Combat Jujitsu instructor , Kevin O’Hagan interview

  • Post author:
  • Post category:Interviews

Phil @ Enso Martial Arts: Hi Kevin, thanks for speaking with us today. We’ll start with the most generic of all interview questions. Can you tell us how you got into Ju Jitsu and Martial Arts in general.

Kevin O’Hagan @ Combat Jujitsu:

Kevin O'HaganOkay, yep. With regards to Martial Arts in general. I go back to about 1975. At that time I had become aware of a guy called Bruce Lee, which at the time I hadn’t heard of but obviously is now a legend. He inspired me really. The reason why, is that I had seen a very small guy, performing these incredible feats. Up until then I was brought up on a diet of John Wayne, Clint Eastwood. These big guys were the only type of guy that could defend themselves. This was the first person I had seen of a small statue that could do these things. I thought to myself “I want to do that, I find out what this is all about and practice it.” So he certainly was my first influence for getting into martial arts.

So from there I went into Kung Fu into a style called Pak Mei (White Eyebrow), I trained that for quite a few years and then moved into Taekwondo for a while. I did enjoy the punching and kicking arts but I always had one eye on grappling as well. It fascinated me, the locks, holds and stuff like that. I found myself going to Aikido and AikiJitsu for quite a few years. I trained exclusively under a lot of top Japanese instructors in that. Again, I really enjoyed it but again it didn’t have all the answers. There were some missing parts in Aikido that didn’t have answer for me. Eventually, this led me to Ju Jitsu. and once I found it, it became my main art. It seemed to be multi faceted and back then you didn’t find many arts, that including punching, kicking, locks, throws, take-downs and ground work which jujitsu did and that’s how I found my way into that.

Phil @ Enso Martial Arts: Excellent, I didn’t know you had a base in so many different martial arts. Your cardio, fitness and strength is quite infamous and I was wondering if you could take us through a normal training week that you do.

Kevin O’Hagan @ Combat Jujitsu:

Yep, I guess my routines have changed over the years. When I was competing at the top level, when I was training for my higher grades at Black Belt, my regime was quite punishing to be honest. I always want to challenge myself and I always kept an eye out for people’s training routines and what they were doing. I always tried to see if I could mirror them or even best them. So from a young age I was into that type of training. I guess now I have changed my training round a bit. I’m 53 now and I have found that I can still train at a high level but recovery time is lot longer. So some of the things I have been doing for many years are becoming more detrimental than good but it took a long time for me to come round to that way of thinking.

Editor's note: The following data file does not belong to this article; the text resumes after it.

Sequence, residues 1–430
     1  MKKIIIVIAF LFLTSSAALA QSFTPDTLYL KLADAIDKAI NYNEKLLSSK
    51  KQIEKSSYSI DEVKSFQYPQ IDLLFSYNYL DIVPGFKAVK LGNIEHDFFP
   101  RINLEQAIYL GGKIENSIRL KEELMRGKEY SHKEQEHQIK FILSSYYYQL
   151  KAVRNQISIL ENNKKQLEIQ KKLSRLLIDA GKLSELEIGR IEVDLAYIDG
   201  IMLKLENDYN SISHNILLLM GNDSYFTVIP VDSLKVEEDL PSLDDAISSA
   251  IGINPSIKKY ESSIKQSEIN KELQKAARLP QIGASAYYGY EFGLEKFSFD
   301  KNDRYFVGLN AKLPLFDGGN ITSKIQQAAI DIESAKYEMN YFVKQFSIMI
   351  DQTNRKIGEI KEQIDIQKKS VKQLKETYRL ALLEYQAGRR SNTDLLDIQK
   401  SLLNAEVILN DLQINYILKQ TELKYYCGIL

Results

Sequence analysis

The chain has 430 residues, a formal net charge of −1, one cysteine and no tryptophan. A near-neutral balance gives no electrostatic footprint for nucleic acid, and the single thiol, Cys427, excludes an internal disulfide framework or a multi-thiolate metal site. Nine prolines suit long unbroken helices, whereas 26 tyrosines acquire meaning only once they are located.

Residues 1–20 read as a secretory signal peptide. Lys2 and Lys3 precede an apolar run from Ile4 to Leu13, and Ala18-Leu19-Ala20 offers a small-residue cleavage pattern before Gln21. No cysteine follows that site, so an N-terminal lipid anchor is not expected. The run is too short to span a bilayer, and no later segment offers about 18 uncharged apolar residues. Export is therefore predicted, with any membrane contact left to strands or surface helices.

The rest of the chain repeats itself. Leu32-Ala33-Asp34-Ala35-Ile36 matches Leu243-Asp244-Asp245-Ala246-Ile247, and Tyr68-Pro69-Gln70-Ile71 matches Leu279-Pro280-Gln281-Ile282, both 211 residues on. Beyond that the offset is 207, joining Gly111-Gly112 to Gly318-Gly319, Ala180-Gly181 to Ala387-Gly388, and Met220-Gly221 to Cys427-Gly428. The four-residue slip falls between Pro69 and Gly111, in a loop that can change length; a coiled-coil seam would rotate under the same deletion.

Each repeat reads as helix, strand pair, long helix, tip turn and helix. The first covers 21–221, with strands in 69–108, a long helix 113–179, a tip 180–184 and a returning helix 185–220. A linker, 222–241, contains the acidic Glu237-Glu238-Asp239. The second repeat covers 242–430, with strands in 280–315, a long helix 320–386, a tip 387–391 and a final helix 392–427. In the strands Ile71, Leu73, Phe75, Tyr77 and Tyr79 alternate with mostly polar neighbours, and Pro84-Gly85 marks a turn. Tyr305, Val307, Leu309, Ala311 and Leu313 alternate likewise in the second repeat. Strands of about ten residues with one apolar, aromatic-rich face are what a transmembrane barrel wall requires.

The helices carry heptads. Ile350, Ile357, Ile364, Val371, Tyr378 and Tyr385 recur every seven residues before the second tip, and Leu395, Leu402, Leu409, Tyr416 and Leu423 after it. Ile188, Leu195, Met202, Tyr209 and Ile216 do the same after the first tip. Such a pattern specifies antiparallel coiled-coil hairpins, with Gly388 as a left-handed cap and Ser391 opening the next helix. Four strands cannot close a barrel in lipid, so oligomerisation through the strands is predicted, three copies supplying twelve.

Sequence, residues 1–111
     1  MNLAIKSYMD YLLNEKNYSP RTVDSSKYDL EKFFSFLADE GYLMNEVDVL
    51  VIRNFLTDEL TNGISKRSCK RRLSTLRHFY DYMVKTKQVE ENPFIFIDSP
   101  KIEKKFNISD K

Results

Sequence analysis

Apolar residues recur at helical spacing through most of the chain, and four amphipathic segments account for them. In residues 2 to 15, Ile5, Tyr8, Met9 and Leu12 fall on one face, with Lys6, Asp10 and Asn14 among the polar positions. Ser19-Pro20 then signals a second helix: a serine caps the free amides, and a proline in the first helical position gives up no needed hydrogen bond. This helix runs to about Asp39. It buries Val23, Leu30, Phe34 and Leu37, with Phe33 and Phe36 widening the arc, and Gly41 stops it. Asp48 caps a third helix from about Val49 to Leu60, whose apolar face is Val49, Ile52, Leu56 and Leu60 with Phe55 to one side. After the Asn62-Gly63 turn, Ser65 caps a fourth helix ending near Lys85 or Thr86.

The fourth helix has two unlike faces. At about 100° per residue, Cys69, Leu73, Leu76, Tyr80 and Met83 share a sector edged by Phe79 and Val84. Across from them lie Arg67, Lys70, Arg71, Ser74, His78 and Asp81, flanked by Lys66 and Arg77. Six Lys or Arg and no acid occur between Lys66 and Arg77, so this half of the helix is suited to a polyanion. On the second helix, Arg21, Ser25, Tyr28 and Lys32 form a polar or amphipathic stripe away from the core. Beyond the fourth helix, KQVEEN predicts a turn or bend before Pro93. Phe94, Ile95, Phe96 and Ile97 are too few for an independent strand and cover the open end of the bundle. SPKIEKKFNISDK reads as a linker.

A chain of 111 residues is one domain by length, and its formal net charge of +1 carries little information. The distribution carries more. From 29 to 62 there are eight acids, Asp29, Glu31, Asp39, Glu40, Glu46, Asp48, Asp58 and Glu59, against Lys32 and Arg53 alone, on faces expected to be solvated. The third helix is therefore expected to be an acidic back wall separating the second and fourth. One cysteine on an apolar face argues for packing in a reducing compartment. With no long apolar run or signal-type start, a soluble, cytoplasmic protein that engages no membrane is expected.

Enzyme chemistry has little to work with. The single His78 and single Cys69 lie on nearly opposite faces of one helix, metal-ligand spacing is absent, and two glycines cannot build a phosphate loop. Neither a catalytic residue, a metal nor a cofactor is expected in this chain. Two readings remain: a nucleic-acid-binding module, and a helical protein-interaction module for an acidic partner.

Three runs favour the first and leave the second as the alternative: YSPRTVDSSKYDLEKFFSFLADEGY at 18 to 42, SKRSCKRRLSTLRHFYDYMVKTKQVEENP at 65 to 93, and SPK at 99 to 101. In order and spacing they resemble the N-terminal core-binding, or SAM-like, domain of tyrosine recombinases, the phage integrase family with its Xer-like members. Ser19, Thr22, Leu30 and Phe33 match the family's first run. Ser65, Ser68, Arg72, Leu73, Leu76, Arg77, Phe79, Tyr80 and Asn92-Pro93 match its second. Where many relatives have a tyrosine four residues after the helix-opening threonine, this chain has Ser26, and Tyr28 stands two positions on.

In general I always worked on cardio, endurance and strength. Cardio and endurance was always the top two for me, particular endurance wise. When it comes to grappling, having the endurance and the strength is probably better. So lots of body weight exercises. Big exercises that I favour are pull ups, chin ups, cable work, basic lifting, dead lifting, clean and press, shoulder press and bench press. Body weight exercises include Hindu push ups jump squats, squat thrusts and mountain climbers. Just a whole spectrum really, so some days endurance, next day cardio, next day strength. In among that some bag work, grappling, etc. so quite a wide and varied regime. And still three times a week I still train and work the bag and pads, some grappling and some basic strength

Phil @ Enso Martial Arts: So obviously, 40 years or so in the martial arts, you must have seen some humongous changes. I was wondering if you tell us the number one biggest change you have seen from when you first started till now.

Kevin O’Hagan @ Combat Jujitsu:

I guess the most notable thing was style for style, system for system. You didn’t get many people wander outside of that parameter. So if you were doing Karate you were doing Karate if you were doing Judo you were doing Judo. And there wasn’t much exchange of ideas and techniques. I found as the years went on a lot of systems became less rigid and they started finding out that every system has something to offer. One of the very first associations I joined was the Great Britain All Style Self Defence Association and this was a melting pot for all different styles of martial arts They would teach the more combative elements of their system. So I got to train with people from all different arts and we melted our ideas into one pot and took the best out of it all. Now its quite a common thing but back then it was quite revolutionary. Around 1981-1982 cross training in MMA had come on the scene and it really exploded a lot myths about martial arts. It allowed people to be more open about training at different clubs adn it became a less rigid regime that it used to be.

Phil @ Enso Martial Arts: Forty years is along time to train and you have done it consistently. What do you think it takes to keep that drive consistently for that long. Do you have a secret you could share with us?

Kevin O’Hagan @ Combat Jujitsu: